|Region||Greece, originally Cappadocia (modern-day Central Turkey)|
(previously thought to be extinct)
Cappadocian, also known as Cappadocian Greek or Asia Minor Greek, is a dialect of modern Greek heavily influenced by Turkish, originally spoken in Cappadocia (modern-day Central Turkey) by the descendants of the Byzantine Greeks of Anatolia. The language originally diverged from Medieval Greek after the late medieval migrations of the Turks from Central Asia into what is now Turkey began cutting the Cappadocians off from the rest of the Greek-speaking Byzantine (Eastern Roman) Empire. As a result of the population exchange between Greece and Turkey in 1923, all remaining speakers (known in Turkey as Rûm, and referred to now as Cappadocian Greeks) were forced to emigrate to Greece where they were resettled in various locations, primarily in Central and Northern Greece. The Cappadocians were encouraged to shift to Standard Modern Greek as part of their integration in Greece, and their language was thought to be extinct since the 1960s. In June 2005, Mark Janse (Ghent University) and Dimitris Papazachariou (University of Patras) discovered Cappadocians in Central and Northern Greece who could still speak their ancestral language fluently. Many are middle-aged, third-generation speakers who take a very positive attitude towards the language, as opposed to their parents and grandparents. The latter are much less inclined to speak Cappadocian and more often than not switch to Standard Modern Greek.
By the fifth century AD, the last of the Indo-European native languages of Asia Minor ceased to be spoken, replaced by Koine Greek. At the same time, the communities of central Anatolia were becoming actively involved in the affairs of the then Greek-speaking Eastern Roman Empire, and some (now Greek-speaking) Cappadocians, such as Maurice Tiberius (r. 582–602) and Heraclius (r. 610 to 641), would even rise to become emperors.
Cappadocian Greek first began to diverge from the Medieval Greek common language of the Byzantine (Eastern Roman) Empire six centuries later, following the Byzantines' defeat at the Battle of Manzikert in 1071. This subsequent civil war and the Seljuk invasion led to the severing of Cappadocia from the rest of the Byzantine world. By the 20th century Cappadocian Greek would come to be heavily influenced by Turkish, but unlike Standard Modern Greek, it would not be influenced by Venetian or French, which entered Modern Greek during the Frankokratia period, when those groups began ruling in Greece following the Fourth Crusade's sacking of Byzantine Constantinople.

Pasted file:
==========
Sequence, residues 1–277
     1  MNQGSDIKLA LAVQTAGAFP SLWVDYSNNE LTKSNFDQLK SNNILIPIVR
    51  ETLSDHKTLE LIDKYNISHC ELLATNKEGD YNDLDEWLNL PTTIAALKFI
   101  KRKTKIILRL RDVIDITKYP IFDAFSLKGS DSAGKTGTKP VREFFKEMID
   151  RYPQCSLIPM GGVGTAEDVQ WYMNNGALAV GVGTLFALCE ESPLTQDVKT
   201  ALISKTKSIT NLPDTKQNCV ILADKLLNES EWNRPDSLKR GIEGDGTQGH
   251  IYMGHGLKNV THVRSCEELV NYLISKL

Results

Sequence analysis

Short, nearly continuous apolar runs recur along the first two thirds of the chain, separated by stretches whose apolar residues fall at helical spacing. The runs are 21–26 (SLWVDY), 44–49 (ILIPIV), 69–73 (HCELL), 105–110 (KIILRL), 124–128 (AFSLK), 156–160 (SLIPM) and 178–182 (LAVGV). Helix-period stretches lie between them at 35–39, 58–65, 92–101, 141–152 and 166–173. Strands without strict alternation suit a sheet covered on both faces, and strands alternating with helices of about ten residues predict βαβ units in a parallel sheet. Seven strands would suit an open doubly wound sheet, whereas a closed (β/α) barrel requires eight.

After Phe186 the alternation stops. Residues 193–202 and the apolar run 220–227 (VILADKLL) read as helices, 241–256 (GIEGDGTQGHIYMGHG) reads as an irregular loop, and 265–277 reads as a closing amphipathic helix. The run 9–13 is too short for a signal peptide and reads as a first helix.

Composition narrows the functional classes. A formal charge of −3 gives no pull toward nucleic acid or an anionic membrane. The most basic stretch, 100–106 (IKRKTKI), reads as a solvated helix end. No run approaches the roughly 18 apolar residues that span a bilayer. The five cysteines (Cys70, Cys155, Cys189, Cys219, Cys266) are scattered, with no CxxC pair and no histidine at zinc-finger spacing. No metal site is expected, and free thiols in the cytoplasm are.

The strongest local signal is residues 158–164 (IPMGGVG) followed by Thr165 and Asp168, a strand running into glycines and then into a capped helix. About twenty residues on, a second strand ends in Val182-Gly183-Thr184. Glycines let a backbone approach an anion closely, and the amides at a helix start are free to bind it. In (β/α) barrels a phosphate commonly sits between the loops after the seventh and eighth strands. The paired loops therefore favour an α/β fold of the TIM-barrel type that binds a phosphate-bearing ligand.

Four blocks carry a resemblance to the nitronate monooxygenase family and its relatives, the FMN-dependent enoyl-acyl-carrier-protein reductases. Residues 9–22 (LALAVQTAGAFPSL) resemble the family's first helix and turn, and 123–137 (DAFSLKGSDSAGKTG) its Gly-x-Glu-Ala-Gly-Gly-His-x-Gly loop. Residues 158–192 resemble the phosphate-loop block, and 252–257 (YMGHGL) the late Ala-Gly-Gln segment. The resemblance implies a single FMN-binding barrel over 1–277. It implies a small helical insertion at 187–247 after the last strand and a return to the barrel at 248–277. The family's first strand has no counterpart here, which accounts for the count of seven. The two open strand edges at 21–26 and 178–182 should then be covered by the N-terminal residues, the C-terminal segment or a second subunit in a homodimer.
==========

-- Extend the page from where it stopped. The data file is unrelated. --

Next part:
The earliest records of the language are in the macaronic poems of Jalal ad-Din Muhammad Rumi (1207–1273), who lived in Iconium (Konya), and some ghazals by his son Sultan Walad. Interpretation of the Greek language texts is difficult as they are written in Arabic script, and in Rumi's case without vowel points; Dedes' edition (Δέδες) is the most recent edition.
By the early 20th century many Cappadocians had shifted to Turkish altogether (written with the Greek alphabet, Karamanlidika). Where Greek was maintained (numerous villages near Kayseri, including Misthi, Malakopea, Prokopion, Karvali, and Anakou), it became heavily influenced by the surrounding Turkish. However, there are next to no written documents in Medieval or early Modern Cappadocian, as the language was, and still essentially is, a spoken language only. Those educated to read and write, such as priests, would do so in the more classicising literary Greek. The earliest outside studies of spoken Cappadocian date from the 19th century, but are generally not very accurate.
One of the first documented studies was Modern Greek in Asia Minor: A study of dialect of Silly, Cappadocia and Pharasa (Cambridge: Cambridge University Press, 1916), by Richard MacGillivray Dawkins (1871–1955), then a fellow of Emmanuel College, Cambridge and later the first Bywater and Sotheby Professor of Byzantine and Modern Greek Language and Literature at the University of Oxford, based on fieldwork conducted by the author in Cappadocia in 1909–1911.
After the population exchange, several Cappadocian dialects have been described by collaborators of the Center for Asia Minor Studies (Κέντρον Μικρασιατικών Σπουδών) in Athens: Uluağaç (I.I. Kesisoglou, 1951), Aravan (D. Phosteris & I.I. Kesisoglou, 1960), Axo (G. Mavrochalyvidis & I.I. Kesisoglou, 1960) and Anaku (A.P. Costakis, 1964), resulting in a series of grammars.
In recent years, the study of Cappadocian has seen a revival following the pioneering work on Language Contact, Creolization, and Genetic Linguistics (Berkeley: University of California Press, 1988) by Sarah Grey Thomason and Terrence Kaufman, and a series of publications on various aspects of Cappadocian linguistics by Mark Janse, professor at Roosevelt Academy, who has also contributed a grammatical survey of Cappadocian to a forthcoming handbook on Modern Greek dialects edited by Christos Tzitzilis (Aristotle University of Thessaloniki).
The recent discovery of Cappadocian speakers by Janse and Papazachariou will result in the release of a new dictionary and a compilation of texts.
Cappadocian Greek is well known from the linguistic literature as being one of the first well documented cases of language death, and in particular the significant admixture of non-Indo-European linguistic features into an Indo-European language. This process was pronounced in southwestern Cappadocia, and included the introduction of vowel harmony and verb-final word order.